Cassandra (For a Drawing.)

Dante Gabriel Rossetti

General Description

Date: 1869 September
Date: 1860-1861, 1867
Meter: iambic pentameter
Genre: sonnet group
Model: Annie Miller (for the head of Cassandra)


◦ Marillier, DGR: An Illustrated Memorial, 108-110

◦ Peterson, “The Iliad”, (1966), 329-337

◦ WMR, DGR Designer and Writer, 77

◦ Sharp, DGR: A Record and a Study, 171-172

◦ Surtees, A Catalogue Raisonné I. 80-81

General Description of Cassandra I.

Date: 1869
Rhyme: abbaaccadefdef
Meter: iambic pentameter
Genre: sonnet

General Description of Cassandra II.

Date: 1869
Rhyme: abbaaccadedeed
Meter: iambic pentameter
Genre: sonnet

General Description of

Date: 1869
Genre: picture notes


Editorial glosses and textual notes are available in a pop-up window. Line numbering reflects the structure of the Poems 1881 First Edition text.

Scholarly Commentary


The formal structure of the sonnet is especially apt for the subject of this work and DGR's pictorial conception. Cassandra's prophecy rhymes with Hector's action in that both are full of tension and energy, but in each case they will prove ineffective. Nevertheless, the sonnets seem far less successful than the picture in carrying out DGR's conceptual purposes.

The work stands in a central relation to his oeuvre in general. Of course it relates quite directly to Troy Town, but it intersects as well with many of his other works. DGR was not only preoccupied with tales of cultural armageddon, he took a syncretic approach to literary, mythological, and religious materials. Greek myths like the fall of Troy therefore connect to contemporary events, as well as to other analogous or parallel stories from other cultures. So here, DGR handles his material in a way that recalls the monitory elements in (for example) The Burden of Nineveh and Jenny. Other poems clearly stand in other kinds of relations: The Card-Dealer, for example, or Sister Helen. In the end, all of these dark testaments pour themselves into the sea of DGR's own psyche, and particularly into his masterwork The House of Life.

In the 1870 Poems the sonnets are the first in a sequence that includes Venus Verticordia, Pandora, and On Refusal of Aid Between Nations. The contemporary context of the last of these should not obscure its pertinence to the three classical texts that precede it; and of course the pictorial treatments of those texts form part of the constellation of works in which DGR reflects on signs of cultural doom.

Textual History: Composition

This was one of the “seven new sonnets” DGR wrote and sent to his printer in mid-September 1869 (see Fredeman, Correspondence, 69. 154 ). As the Princeton MS of the two sonnets indicates, the sonnet which comes first in the printed pair-ordering was almost certainly written second, thus making initially a kind of commentary on the other. (This MS is an early draft where the text is still unsettled.) Two other manuscripts (both also at Princeton) survive: a corrected fair copy of the first sonnet and a fair copy of the second sonnet.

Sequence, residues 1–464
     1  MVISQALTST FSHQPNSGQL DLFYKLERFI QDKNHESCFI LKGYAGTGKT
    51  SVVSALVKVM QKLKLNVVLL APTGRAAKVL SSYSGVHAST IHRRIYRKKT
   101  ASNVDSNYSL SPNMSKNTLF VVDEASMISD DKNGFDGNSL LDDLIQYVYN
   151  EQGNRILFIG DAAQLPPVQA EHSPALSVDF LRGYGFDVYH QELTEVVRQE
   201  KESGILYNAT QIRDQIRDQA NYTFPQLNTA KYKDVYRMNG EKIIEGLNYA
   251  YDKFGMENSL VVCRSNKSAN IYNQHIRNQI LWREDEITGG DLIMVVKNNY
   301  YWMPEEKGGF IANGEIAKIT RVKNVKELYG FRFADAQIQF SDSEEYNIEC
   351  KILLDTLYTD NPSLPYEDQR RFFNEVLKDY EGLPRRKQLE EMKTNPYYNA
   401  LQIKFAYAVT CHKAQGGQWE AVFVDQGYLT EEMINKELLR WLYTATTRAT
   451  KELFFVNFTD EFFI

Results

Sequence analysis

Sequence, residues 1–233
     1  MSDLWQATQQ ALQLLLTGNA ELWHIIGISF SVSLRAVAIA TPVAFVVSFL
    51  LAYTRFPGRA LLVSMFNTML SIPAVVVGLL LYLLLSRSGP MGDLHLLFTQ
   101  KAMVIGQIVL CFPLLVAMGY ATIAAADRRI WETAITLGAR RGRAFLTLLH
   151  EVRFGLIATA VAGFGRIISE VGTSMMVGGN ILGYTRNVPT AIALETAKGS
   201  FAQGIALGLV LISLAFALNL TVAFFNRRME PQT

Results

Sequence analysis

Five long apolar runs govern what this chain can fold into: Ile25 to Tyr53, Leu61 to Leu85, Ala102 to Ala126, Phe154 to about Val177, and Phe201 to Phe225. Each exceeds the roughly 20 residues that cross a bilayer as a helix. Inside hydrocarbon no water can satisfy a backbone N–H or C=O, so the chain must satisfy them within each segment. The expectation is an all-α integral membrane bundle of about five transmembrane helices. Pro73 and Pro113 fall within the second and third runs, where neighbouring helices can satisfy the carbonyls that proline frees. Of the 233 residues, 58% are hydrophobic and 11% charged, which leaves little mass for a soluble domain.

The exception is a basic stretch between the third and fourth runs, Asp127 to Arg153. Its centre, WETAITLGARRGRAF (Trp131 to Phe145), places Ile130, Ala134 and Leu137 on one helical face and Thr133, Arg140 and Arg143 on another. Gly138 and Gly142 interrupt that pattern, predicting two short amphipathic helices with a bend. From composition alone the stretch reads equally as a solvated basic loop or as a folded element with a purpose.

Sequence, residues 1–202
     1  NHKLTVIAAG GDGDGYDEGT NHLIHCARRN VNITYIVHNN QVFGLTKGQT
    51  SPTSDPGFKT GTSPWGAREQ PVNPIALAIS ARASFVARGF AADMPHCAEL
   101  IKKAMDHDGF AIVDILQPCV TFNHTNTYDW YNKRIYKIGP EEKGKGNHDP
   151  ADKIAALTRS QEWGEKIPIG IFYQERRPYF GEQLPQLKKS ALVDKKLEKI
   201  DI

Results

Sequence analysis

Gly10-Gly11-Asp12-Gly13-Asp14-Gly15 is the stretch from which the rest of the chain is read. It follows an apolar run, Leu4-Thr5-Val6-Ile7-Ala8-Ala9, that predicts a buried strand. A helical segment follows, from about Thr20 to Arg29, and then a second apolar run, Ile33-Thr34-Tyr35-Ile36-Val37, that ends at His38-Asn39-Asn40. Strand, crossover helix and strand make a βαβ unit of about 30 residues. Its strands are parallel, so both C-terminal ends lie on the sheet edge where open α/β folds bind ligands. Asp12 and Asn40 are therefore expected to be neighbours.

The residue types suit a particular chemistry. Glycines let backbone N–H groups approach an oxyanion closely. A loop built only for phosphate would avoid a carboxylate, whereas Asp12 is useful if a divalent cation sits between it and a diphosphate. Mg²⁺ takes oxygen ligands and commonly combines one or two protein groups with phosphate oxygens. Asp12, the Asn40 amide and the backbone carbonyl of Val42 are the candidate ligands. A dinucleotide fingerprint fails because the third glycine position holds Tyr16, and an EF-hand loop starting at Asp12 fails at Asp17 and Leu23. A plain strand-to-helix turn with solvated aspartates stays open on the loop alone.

Textual History: Revision

DGR made a few small substantive changes to the text of the second sonnet as it was passing through the proofs of 1869-1870. The 1870 Poems text of both sonnets remained unaltered thereafter.

Production History

DGR executed the drawing in 1860 and finished it late that year or very early in 1861, but it was much reworked in 1867. DGR said that he hoped to do a painting of the subject but he never did. There is a sketch of a warrior made by DGR on the verso of the British Library manuscript of Nuptial Sleep that strongly resembles the figure of Hector in the picture. It may be a study for the painting DGR never executed.


The subject strongly attracted DGR, as can be easily seen in his detailed comments to Charles Eliot Norton in April 1869: “The Cassandra subject I hope one day to paint. I mean her to be prophesying the death of Hector before his last battle. He will not be deterred from going, & rushes at last down the steps, giving an order across her noise to the captain in charge of the soldiers who are going round the ramparts on their way to battle. Cassandra tears her garments in rage & despair. Helen is arming Paris in a leisurely way, & he is amused at the gradual rage she is getting into at what Cassandra says of her. Other figures are Andromache with Hector's child, the Nurse, Priam & Hecuba, & one of the brothers who is expostulating with Cassandra. Hector's companions have got down the steps before him & are beckoning him to follow” (see Fredeman, Correspondence, 69. 48 ). It focuses DGR's fascination—shared with many of his contemporaries—for mythic tales of general cultural destruction. As is so common in Victorian narrative and Pre-Raphaelite painting, DGR dramatizes the fear of such catastrophe by concentrating on intimate psychological signs and details.

Printing History

The text was first set in type in mid-September 1869 for the A2 Proofs of what would eventually be published as the 1870 Poems.


According to George Meredith, it was his poem Cassandra that inspired DGR to do his original drawing in 1861. Peterson says that DGR's work was responding in particular to stanza 3 (see Peterson, “The Iliad”, 334 ). Both Meredith and Rossetti are of course dependent upon The Iliad and the mythological deposits relating to the fall of Troy.

Electronic Archive Edition: 1